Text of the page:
When The Replacement jumped to Sire with the release of Tim in 1985, they had the hopes and critical praise to make them superstars, though it never materialized. 1987’s Pleased to Meet Me was met with the same hope, yet success never found the band. So for their third major label outing, the band pulled out all the stops. On first listen, 1989’s Don’t Tell a Soul is far cry from the band that released classic albums like Tim or Let it Be. Gone is the sharp and often times silly sense of humour. Gone are the sloppy punk outbursts like “Tommy Get’s His Tonsils Out.” Don’t Tell a Soul is sharply crafted, polished, and the sound of a band desperately trying to sell out.

Seeing other college rock acts like R.E.M. find success in the mainstream, coupled with the band members’ sobriety led to Don’t Tell a Soul‘s creation. This is college rock at its most calculated and commercial, but coming from one of the genre’s pioneers, it still feels a little more authentic. Taking the place of the ragged punk of earlier albums, there’s a new-found sense of maturity in Paul Westerberg’s songwriting (and for better or worse points toward his solo material). Tracks like “Talent Show,” “Asking Me Lies,” and “We’ll Inherit the Earth” show an awareness – be it of self, political, or environmental – previously not seen.

But make no mistake, the album sounds forced, though it it works the majority of the time. Driven by the want – no, sheer need – for success finds the band pushing harder to develop fully realized songs than ever before. In lieu of tossed-off covers like Kiss’ “Black Diamond” from Let it Be, there’s the delicate, almost waltz-like ballad “They’re Blind,” one of the album’s strongest tracks. You can hear the desperation and sadness in Westerberg’s voice on “Anywhere’s Better Than Here,” “I’ll Be You,” and “Darlin’ One,” as if the album is the band’s last chance at some semblance of success. Indeed, Don’t Tell a Soul was the last full-band effort; 1990’s All Shook Down was recorded primarily by Westerberg and studio musicians, and is The Replacements in name only.

Although, the album is not entirely successful. Songs like “Back to Back” and “I Won’t” are pretty weak and fairly unmemorable. Yet, the album marks an important chapter in the band’s history that would eventually lead to the band’s demise. It may still divide critics and fans 20 years on, but it does have a handful of great tracks (I’ll also mention the single “Achin’ to Be”) and is worthy of being acknowledged in the band’s stellar discography.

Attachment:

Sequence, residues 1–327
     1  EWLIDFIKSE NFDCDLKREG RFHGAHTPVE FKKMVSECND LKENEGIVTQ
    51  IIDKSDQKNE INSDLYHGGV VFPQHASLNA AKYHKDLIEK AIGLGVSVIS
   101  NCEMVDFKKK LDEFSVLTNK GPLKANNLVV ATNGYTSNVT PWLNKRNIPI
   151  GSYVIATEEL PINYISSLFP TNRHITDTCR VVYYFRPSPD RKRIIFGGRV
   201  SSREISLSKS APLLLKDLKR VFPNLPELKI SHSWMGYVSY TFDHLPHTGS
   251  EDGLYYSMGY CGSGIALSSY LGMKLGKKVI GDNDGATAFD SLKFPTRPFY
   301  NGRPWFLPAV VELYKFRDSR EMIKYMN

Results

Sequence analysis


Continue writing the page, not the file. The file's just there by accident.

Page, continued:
45 rpm: “Daydreamer” – Menswear

During the heyday of Britpop, every week there were seemingly endless numbers of like-sounding bands coming out of the woodwork. Menswear were signed to London Records after only three (3!) shows, and their full-length debut, Nuisance, appeared in late 1995. They gained their share of notoriety and detractors by appropriating not only the sound, but the looks of their betters like Blur and Pulp (actually, lead singer Johnny Dean kind of looks like Elastica’s Justine Frischmann). The single “Daydreamer” may be derivative of these bands, but it’s undeniably brilliant. Despite making minor waves with other singles such as “Sleeping In” and “I’ll Manage Somehow,” the band faded into obscurity, and their 1998 follw-up, Hay Tiempo!, was released only in Japan. As it stands, Menswear hold a place as a punchy, 2-minute footnote in the annuls of pop music.

45 rpm: “Every Teardrop is a Waterfall” – Coldplay

If you know me, you know I am not a fan of Coldplay and their brand of white wine/dinner party rock. I do not like Chris Martin’s “rock star” posturing and the fact that he’s married to Gwyneth Paltrow (who cannot cease to annoy me). So this is just an excuse to harp on them, really. This new single, “Every Teardrop is a Waterfall,” (which, as a friend and colleague pointed out, is a punchline in itself) from their forthcoming album sounds as though they’re continuing down the path of 2008’s Viva la Vida. Sounding like some amalgam of Joshua Tree-era U2 and Dream Acadamy’s “Life in a Northern Town,” the video for “Every Teardrop” has an appropriately 80s feel to it, intentional or not. The funny thing is, despite its calculated nostalgic sound and overwrought, goofy, cheeseball lyrics (“I’d rather be a comma than a full stop!”), it doesn’t sound half bad. Actually, it probably would sound pretty good on the radio in 1988 sandwiched between “Life in a Northern Town” and “Where the Streets Have No Name.” Alas, this is not 1988 and I do not listen to the radio, so I’ll probably forget about “Every Teardrop is a Waterfall” and put some U2 and Dream Academy on my iPod.